This tale seems stale compared with Alborough's previous work in Hug
or Where's My Teddy?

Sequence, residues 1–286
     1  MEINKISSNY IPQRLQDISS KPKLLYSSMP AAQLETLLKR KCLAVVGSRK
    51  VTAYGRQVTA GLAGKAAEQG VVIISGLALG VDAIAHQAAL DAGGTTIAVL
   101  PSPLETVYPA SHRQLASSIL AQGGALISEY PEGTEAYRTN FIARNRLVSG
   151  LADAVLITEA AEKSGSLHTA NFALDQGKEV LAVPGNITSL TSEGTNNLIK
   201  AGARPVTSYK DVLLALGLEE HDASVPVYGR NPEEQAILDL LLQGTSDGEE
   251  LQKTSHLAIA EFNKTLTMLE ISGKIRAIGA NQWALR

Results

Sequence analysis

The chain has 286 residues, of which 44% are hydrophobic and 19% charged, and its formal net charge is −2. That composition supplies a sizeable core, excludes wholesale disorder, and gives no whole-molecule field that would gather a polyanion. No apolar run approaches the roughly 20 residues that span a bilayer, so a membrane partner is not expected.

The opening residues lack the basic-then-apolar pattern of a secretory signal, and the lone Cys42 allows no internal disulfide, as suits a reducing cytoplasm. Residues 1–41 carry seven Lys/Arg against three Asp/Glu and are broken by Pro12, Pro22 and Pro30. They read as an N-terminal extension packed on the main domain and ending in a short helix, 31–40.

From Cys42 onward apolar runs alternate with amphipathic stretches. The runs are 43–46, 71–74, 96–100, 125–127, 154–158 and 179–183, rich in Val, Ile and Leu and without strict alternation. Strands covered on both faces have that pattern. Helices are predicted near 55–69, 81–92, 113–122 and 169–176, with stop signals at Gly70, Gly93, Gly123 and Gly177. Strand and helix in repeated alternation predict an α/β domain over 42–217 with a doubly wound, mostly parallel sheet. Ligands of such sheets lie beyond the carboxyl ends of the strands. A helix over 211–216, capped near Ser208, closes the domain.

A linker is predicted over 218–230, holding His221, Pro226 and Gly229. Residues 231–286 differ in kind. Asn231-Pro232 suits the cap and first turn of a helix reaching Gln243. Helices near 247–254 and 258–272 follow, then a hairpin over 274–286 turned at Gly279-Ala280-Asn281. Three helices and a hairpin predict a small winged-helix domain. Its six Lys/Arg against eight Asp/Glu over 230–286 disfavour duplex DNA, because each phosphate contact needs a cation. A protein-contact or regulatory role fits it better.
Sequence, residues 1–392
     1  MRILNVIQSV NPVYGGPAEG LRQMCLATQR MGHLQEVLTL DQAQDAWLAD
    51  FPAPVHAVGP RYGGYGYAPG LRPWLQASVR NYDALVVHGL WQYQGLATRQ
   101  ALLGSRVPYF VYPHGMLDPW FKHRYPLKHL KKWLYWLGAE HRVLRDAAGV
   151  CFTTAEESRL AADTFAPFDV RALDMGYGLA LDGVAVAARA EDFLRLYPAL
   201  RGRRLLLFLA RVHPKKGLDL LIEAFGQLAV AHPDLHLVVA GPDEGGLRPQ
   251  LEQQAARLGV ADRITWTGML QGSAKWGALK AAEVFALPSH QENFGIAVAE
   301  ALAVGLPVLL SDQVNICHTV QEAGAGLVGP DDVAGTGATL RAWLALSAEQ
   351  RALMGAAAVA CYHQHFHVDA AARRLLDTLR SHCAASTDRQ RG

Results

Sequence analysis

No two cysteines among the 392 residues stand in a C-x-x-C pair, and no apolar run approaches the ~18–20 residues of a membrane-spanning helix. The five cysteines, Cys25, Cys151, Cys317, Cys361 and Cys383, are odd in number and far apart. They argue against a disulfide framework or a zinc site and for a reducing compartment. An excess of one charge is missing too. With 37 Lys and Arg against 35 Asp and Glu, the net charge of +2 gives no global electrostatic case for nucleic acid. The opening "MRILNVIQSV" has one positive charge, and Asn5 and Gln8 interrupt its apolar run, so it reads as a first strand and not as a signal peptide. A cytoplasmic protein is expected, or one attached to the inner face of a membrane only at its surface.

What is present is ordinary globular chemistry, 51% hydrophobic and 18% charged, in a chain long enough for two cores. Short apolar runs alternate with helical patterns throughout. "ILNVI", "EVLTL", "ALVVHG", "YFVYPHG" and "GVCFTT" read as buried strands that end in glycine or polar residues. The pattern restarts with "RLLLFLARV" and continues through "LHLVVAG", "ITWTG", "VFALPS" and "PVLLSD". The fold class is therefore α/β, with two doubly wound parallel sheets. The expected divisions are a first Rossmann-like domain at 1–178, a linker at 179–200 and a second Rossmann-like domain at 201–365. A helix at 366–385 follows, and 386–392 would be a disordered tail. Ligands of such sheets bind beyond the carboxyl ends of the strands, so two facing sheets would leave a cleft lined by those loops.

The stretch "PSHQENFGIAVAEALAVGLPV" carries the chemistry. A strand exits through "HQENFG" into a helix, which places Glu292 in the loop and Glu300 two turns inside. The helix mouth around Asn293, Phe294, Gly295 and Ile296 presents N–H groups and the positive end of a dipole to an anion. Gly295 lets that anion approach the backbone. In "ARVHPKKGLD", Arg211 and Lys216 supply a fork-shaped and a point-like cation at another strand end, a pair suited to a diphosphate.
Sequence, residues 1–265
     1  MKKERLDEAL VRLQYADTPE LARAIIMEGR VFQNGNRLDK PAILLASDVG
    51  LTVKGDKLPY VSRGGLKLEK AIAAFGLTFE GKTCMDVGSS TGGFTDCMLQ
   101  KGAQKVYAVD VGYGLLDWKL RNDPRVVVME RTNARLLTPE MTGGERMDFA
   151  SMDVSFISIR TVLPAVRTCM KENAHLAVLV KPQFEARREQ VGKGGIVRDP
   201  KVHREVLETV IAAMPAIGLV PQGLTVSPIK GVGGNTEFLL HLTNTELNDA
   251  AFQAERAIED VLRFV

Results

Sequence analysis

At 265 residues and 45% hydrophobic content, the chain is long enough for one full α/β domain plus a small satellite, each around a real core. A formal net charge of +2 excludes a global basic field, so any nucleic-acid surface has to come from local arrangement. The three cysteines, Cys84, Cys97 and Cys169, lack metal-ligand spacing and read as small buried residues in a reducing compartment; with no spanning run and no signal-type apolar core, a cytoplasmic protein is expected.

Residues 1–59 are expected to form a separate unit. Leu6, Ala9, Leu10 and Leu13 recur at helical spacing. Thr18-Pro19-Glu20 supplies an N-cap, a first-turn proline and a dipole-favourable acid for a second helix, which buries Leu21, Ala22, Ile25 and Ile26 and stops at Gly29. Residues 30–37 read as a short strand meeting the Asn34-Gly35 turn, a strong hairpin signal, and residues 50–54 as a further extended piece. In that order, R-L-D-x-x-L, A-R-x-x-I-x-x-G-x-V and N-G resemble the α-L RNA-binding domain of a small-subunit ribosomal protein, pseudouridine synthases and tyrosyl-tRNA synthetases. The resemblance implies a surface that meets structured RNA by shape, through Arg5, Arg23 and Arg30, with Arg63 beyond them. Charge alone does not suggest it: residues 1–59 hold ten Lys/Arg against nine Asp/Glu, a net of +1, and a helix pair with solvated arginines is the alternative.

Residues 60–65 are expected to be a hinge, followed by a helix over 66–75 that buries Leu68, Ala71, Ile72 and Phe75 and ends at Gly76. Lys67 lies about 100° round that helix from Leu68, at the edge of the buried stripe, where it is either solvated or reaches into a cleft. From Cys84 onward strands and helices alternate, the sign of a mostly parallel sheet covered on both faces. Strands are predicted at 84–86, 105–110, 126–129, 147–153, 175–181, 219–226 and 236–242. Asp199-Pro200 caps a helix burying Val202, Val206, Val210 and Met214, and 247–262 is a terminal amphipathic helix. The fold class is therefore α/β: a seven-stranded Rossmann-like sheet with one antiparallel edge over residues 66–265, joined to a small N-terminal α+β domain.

When Sid the puppy "set[s] off for school one day, a happy feeling [comes] his way." Suddenly, he finds himself literally light as air and flying among the clouds, but when he tries to prove his ability to his scornful, mocking classmates, he fails miserably. Sid looks like a fetching stuffed animal prototype in Alborough's characteristically energetic gouaches, here effectively divided into panels to indicate successive actions. However, the clunky text weighs the book down with clichéd ideas. The climactic scene features Sid's father sounding more like a child psychologist than a hound dad: " 'I know a secret, Sid,' he said./ 'Could you keep it safe inside?' " The narrator helpfully rhymes, " 'What's the secret?' Sid replied." When Sid watches his father flying, he learns the answer: "Do dogs fly? Is it true? Some dogs don't, and some dogs do." Children just learning to distinguish fact from fancy may have difficulty understanding what their negative or positive feelings (or scorn from their classmates) have to do with metaphorical flight. Ages 3-7. (Oct.)